Rebirth of Reason


The Anatomy of Coercion
by William Scott Dwyer

No one has the right to initiate force against others, although retaliatory force is justified as a means of self-defense. Such is the basic principle of libertarianism. Force, as used here, is contact with someone else’s person or property against his or her will. Thus, the initiation of force violates the right to voluntary action (whereas retaliatory force defends that right). However, according to philosopher John Hospers, the nature of voluntary action is not as clear as it may seem, and he argues that wherever we turn, we find problems of interpretation. For what is the definition of a voluntary act? He answers:

“Some say that a voluntary act is one of which one can say that just before it one could have done otherwise. Thus the patellar reflex and other reflex actions are not voluntary; you can’t prevent the response. But all of our everyday actions are by that definition voluntary, including our response to the gunman; we could have, just before surrendering the wallet, decided not to surrender it. That was within our power. (Indeed, some would say, “Under the circumstances, you voluntarily chose to give up your money.”) The result of using this definition is that practically all our acts are voluntary, even the robber example used as a paradigm case of not being voluntary.” (“Conversations with Ayn Rand,” Liberty, July 1990, p. 36.)

But if we look more closely at the robber example, I think we’ll find that it is indeed “a paradigm case of not being voluntary.” For how can it be true to say, as Hospers does, that “we could have, just before surrendering the wallet, decided not to surrender it”? How can it make sense to say, “Under the circumstances, you voluntarily chose to give up your money?” when, in fact, there is no way that you could have avoided giving it up. If you refused to hand it over, the gunman would have taken your life and your money too. You were forced to give up your money, one way or the other.

Hospers writes, “An act is voluntary if it’s not forced. But now what exactly is the import of the verb ‘force’? Did [the gunman] force you to give up your wallet, since you could have said no? Is the child whose parents say to him ‘Kill your pet dog or we’ll never feed you again’ forced to kill his dog? Are you ever 100 percent forced, except when you are physically overpowered and literally can’t do anything else?” (Ibid.)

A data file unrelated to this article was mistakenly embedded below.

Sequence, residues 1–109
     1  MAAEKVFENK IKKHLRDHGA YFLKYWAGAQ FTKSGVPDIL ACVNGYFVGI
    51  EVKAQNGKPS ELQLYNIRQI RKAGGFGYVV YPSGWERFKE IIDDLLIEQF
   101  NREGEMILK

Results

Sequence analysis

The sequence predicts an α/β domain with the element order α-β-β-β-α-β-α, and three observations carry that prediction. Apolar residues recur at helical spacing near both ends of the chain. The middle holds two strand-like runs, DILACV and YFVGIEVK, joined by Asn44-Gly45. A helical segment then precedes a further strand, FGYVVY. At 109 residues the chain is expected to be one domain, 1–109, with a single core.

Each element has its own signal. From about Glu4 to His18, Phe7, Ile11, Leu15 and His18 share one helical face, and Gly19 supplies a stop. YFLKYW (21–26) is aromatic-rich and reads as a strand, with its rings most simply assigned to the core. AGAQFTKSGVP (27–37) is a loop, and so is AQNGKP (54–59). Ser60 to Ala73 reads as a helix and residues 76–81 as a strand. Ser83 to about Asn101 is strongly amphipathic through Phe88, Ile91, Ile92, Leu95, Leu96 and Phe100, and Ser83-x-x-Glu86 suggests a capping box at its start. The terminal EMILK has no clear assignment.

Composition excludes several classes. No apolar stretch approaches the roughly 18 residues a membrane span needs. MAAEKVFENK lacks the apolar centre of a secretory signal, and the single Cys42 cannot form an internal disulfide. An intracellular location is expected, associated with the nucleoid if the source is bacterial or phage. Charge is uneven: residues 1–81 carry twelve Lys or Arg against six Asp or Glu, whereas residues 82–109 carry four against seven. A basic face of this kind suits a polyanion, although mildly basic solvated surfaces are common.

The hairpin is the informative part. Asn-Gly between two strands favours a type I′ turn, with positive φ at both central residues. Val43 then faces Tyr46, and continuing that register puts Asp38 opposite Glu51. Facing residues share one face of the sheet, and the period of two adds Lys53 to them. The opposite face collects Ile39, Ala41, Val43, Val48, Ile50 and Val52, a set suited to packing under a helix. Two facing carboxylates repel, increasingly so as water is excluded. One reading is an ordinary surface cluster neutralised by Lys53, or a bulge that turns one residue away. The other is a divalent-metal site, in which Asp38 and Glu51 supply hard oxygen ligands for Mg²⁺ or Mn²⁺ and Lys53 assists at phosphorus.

As we have seen, the gunman did indeed force you to give up your wallet, since there is no way that “you could have said no,” no way that you could have prevented its loss. The case of the child is somewhat different. The child is not forced to kill his dog in quite the same way as the robbery victim is forced to surrender his money) since the child does have a choice, although not a very palatable one. Nevertheless, if the child is young enough to be dependent on parental support, then he is forced to make the choice -- “forced” to make it, because he has a right to both his dog and his parents’ support (both of which he has chosen to keep) and should not be required to choose between them.

One needn’t be physically overpowered and literally [unable to] do anything else” in order to be 100% forced. One need only be required to take an action that is different from the action one has chosen. As we have seen, this can be done by requiring one to choose either of two alternatives both of which one has voluntarily rejected.

According to Hospers, however, involuntary action does not result solely from physical interference:

“When we say “’He forced [her] to go with him,’ we [can simply mean] that he ‘knew what buttons to push’ to get her to do what he wanted. Shall we say in that case that she did his bidding voluntarily?” (Ibid.)

Yes, because to say that he “forced” her to go with him by knowing “what buttons to push” simply means that he knew what to say in order to convince her to do what he wanted; it simply means that he persuaded her to do it. Persuasion is not force.

Just as Hospers regards persuasion as involuntary, so he regards an employee’s dismissal as involuntary: